Find all School-related info fast with the new School-Specific MBA Forum

 It is currently 26 May 2013, 01:53

# geometry triangles

Author Message
TAGS:
Director
Joined: 25 Oct 2008
Posts: 619
Location: Kolkata,India
Followers: 6

Kudos [?]: 93 [0], given: 100

geometry triangles [#permalink]  06 Nov 2009, 05:58
00:00

Question Stats:

22% (02:25) correct 77% (00:40) wrong based on 0 sessions

Attachments

2.JPG [ 13.81 KiB | Viewed 1214 times ]

_________________
Senior Manager
Joined: 31 Aug 2009
Posts: 426
Location: Sydney, Australia
Followers: 4

Kudos [?]: 76 [0], given: 20

Re: geometry triangles [#permalink]  06 Nov 2009, 06:27
1) Is insufficient - This length doesn't help us except to tell us that BCD is not a right isosceles triangle.
2) x = 60. This means that Angle BCD = 180-60 =120. The remaining angle CBD = 180-120-30 = 30.
This tells us that the triangle is isosceles. BC = CD = 6.

ANS = B
Director
Joined: 25 Oct 2008
Posts: 619
Location: Kolkata,India
Followers: 6

Kudos [?]: 93 [0], given: 100

Re: geometry triangles [#permalink]  06 Nov 2009, 06:33
Nope..that's what I thought too!!please try again..
_________________
Senior Manager
Joined: 18 Aug 2009
Posts: 340
Followers: 5

Kudos [?]: 120 [0], given: 13

Re: geometry triangles [#permalink]  06 Nov 2009, 06:56
According to me it should be D. Will explain in a while if this is the correct answer.
GMAT Club team member
Joined: 02 Sep 2009
Posts: 11628
Followers: 1802

Kudos [?]: 9618 [1] , given: 829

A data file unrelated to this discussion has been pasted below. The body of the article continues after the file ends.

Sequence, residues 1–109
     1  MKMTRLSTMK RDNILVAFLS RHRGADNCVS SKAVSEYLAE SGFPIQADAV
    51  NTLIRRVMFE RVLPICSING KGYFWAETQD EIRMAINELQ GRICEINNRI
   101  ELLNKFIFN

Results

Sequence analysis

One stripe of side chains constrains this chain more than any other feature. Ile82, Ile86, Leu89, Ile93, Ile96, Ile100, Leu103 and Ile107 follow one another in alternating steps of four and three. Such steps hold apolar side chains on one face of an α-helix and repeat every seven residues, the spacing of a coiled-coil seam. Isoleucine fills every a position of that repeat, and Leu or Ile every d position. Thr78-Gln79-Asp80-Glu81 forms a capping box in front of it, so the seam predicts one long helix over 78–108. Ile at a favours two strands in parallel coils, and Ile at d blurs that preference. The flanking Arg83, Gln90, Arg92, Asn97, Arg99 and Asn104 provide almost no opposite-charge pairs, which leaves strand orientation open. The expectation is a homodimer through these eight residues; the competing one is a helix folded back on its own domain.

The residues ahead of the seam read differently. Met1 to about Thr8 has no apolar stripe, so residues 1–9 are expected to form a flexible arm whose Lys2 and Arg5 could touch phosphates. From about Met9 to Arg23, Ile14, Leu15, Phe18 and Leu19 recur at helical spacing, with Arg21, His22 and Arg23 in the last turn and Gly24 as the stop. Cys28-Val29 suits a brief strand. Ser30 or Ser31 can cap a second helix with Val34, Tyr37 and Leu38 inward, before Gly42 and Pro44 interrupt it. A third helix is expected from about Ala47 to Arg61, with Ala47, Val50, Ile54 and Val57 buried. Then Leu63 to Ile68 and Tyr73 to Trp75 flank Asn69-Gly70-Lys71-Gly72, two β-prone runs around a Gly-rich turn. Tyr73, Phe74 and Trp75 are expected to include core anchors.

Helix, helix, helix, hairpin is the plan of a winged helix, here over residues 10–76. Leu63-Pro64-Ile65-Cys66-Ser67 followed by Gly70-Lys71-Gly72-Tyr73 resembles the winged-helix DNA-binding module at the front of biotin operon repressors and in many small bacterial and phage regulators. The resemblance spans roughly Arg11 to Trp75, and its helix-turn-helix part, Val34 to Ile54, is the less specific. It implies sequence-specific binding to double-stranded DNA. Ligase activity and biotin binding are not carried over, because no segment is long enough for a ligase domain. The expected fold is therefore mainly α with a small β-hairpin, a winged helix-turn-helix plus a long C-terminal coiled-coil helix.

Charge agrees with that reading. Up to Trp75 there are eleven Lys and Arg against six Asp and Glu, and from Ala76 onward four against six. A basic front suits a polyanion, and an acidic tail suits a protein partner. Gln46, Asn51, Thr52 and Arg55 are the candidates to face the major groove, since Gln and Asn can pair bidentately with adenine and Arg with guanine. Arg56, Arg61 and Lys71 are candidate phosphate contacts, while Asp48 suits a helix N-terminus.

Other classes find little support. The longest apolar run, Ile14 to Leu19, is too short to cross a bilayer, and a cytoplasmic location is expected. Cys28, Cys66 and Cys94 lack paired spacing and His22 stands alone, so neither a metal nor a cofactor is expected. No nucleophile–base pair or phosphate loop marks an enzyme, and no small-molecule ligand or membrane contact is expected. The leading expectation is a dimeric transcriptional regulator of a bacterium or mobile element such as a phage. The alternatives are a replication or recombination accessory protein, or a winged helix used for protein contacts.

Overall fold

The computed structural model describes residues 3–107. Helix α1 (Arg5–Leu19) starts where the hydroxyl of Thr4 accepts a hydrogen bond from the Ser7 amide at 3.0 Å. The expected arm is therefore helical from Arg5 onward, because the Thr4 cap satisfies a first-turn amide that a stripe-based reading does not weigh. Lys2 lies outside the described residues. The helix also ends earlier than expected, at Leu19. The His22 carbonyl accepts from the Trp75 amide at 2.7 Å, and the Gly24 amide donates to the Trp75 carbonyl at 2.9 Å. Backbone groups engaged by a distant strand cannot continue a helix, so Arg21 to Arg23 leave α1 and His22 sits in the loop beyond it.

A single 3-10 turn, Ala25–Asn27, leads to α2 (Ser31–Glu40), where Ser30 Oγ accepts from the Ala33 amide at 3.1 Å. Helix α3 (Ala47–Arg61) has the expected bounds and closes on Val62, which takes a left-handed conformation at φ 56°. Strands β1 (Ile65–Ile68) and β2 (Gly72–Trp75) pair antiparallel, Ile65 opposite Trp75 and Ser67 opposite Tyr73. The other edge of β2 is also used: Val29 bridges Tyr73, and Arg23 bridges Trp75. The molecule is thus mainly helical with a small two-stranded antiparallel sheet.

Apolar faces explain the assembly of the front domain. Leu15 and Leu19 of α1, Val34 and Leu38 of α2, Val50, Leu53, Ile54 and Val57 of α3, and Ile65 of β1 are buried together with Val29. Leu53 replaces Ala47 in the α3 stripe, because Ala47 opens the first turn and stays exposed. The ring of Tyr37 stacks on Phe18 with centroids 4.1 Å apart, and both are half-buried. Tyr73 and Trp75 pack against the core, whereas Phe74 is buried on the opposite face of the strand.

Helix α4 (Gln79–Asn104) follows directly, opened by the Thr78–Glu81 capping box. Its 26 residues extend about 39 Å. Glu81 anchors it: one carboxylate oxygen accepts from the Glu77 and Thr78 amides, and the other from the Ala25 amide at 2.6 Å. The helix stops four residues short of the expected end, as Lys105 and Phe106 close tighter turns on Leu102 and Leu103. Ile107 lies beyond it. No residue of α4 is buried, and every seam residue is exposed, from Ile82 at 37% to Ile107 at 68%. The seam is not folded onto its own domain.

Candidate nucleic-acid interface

Re: geometry triangles [#permalink]  06 Nov 2009, 07:03
1
KUDOS
tejal777 wrote:
Nope..that's what I thought too!!please try again..

As it's DS question no need for actually finding the value of BC, rather than to determine that it's possible to determine it with either of statements:

(1) BD=6\sqrt{3}, we know CD, BD and the angle between them the opposite side BC is fixed and has single value, meaning that you can not draw two or more triangles with given two sides and the angle between them. Sufficient.

(2) x=60. Again we know x, hence we know all the angles in triangle BCD, plus we know one of the sides CD=6, again only one such triangle exists, hence BC value can be determined. Sufficient.

_________________
Director
Joined: 01 Apr 2008
Posts: 921
Schools: IIM Lucknow (IPMX) - Class of 2014
Followers: 8

Kudos [?]: 124 [1] , given: 18

Re: geometry triangles [#permalink]  06 Nov 2009, 10:55
1
KUDOS
Draw BE perpendicular to AD, let CE = y.

stmt1:
sin30 = BE/BD, BD is known, so BE can be found as sin30 =1/2.
cos30 = DE/BD, \sqrt{3}/2 = (6+y)/BD , so y can be found.
Now we know BE and CE, apply pythagoras and find BC.

stmt2:
sin30 = BE/BD, BD is known, so BE can be found as sin30 =1/2.
Now apply sin60 = BE/BC, so BC can be found.

D
Senior Manager
Joined: 31 Aug 2009
Posts: 426
Location: Sydney, Australia
Followers: 4

Kudos [?]: 76 [0], given: 20

Re: geometry triangles [#permalink]  06 Nov 2009, 15:06